With the impacts of DRS soon to hit both shoppers and industry alike, we surveyed business owners and consumers across the UK to measure their awareness, readiness and attitudes as well as the challenges facing successful implementation.
Simplicity is key
Our research has found that a third of consumers believe recycling is already unnecessarily complicated and 16 per cent don't even bother trying to be green as a result.
In fact, recent figures from DEFRA show that the amount of household waste recycled in England fell by 1.5 per cent in 2020 to 44 per cent, 6 per cent below the EU minimum target of 50 per cent.
This is a concerning statistic, especially given that each year, UK consumers are estimated to get through 14 billion plastic bottles, nine billion aluminium and steel cans, and 1.5 billion glass bottles; products that already account for 75 per cent of the litter found on UK streets.
While recycling rates may be falling, it appears consumers do want to recycle more. 65 per cent claim that the recyclability of a products packaging affects their decision to purchase, 37 per cent agree that more needs to be done to educate people on the importance of recycling, and 33 per cent believe there should be more support to encourage people to do so.
Greater awareness needed
Despite the huge impact deposit return schemes’ will have on consumers behaviours, and their wallets, our research also found that only 42 per cent had heard of them and understood how they worked, whilst a quarter had no idea what they were at all.
When how a potential scheme could work was explained, 60 per cent of consumers surveyed said being able to reclaim a deposit would make them more likely to buy products included in the schemes, and 57 per cent would do a lot more recycling if it meant they wouldn’t be left out of pocket.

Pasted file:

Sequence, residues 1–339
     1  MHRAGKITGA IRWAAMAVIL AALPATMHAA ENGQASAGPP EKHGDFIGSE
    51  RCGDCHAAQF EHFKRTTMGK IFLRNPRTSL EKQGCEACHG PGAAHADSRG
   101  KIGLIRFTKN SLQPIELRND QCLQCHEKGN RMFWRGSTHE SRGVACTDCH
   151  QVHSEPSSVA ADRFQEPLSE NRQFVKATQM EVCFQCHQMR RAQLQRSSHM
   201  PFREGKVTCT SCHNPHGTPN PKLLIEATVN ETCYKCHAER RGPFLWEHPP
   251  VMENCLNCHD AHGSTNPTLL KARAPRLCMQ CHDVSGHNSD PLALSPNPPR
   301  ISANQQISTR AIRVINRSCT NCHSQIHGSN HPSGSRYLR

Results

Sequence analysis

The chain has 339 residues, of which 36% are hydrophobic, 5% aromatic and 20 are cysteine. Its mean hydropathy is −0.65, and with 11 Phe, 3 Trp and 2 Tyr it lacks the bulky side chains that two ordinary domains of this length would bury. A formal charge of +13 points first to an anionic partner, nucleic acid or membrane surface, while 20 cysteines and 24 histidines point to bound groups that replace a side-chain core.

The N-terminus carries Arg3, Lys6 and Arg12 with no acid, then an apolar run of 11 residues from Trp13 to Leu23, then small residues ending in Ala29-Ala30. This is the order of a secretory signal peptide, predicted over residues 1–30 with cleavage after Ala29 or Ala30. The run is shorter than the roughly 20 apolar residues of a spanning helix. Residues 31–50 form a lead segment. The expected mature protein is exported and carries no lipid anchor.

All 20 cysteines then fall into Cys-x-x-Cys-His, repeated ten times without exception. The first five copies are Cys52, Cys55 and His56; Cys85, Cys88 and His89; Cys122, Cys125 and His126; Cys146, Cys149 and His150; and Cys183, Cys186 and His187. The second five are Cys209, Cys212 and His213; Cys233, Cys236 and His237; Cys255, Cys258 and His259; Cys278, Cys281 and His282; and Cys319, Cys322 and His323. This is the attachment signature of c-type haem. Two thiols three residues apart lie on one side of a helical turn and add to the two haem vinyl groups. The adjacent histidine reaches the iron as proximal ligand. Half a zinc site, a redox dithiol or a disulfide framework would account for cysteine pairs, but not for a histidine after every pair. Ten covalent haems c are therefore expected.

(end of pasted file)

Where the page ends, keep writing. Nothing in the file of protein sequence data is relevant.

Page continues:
This suggests that a little incentive could go a long way as two thirds of consumers also reported being more likely to return packaging waste to collection points if it meant they could reclaim their deposit.
Cost and complexity
Our research amongst business owners also revealed a worrying lack of awareness as 38 per cent were not aware of DRS at all.
Despite 69 per cent of businesses believing the introduction of DRS will be a positive step for their industry, four in 10 think that the schemes will have a negative impact on their own businesses.
Consumers could also be in for a double price hike on items included in the schemes. A third (33 per cent) of businesses surveyed said they will raise the RRP of products to account for added operational costs and complexities.
A successful scheme needs to be simple and straightforward for shoppers if we are to change recycling behaviours. It also needs informed consumers, which is why we back calls for greater awareness raising from UK governments and deposit management organisations, to ensure customers know exactly how to return their containers and redeem their deposits.”
Policy advisor for the British Retail Consortium
More to be done
The final rules and regulations are still to be decided with the four UK nations planning on taking different approaches with different timelines. GS1 UK, as a result, is calling for a future-proofed approach that delivers simplicity, convenience and ease of use for both consumers and industry.
An effective scheme relies on consumer participation. As our research shows, a little incentive can go a long way to encourage adoption but simplicity, ease of use and ensuring that consumers are well informed will play a vital role in delivering DRS success.
There’s no doubt that the introduction of deposit return schemes can be a positive step forward, but the needs of consumers need to be carefully factored into their design if they are to have a meaningful impact.
The operational impact for businesses, compounded by the lack of awareness, means there are significant challenges that will need to be addressed in the next two years.
We have a limited window of opportunity to help the industry solve this conundrum. In the meantime, much more needs to be done to inform consumers and change their behaviour. Only through this level of focus and collaboration will any scheme stand a chance of being successful.”
CEO of GS1 UK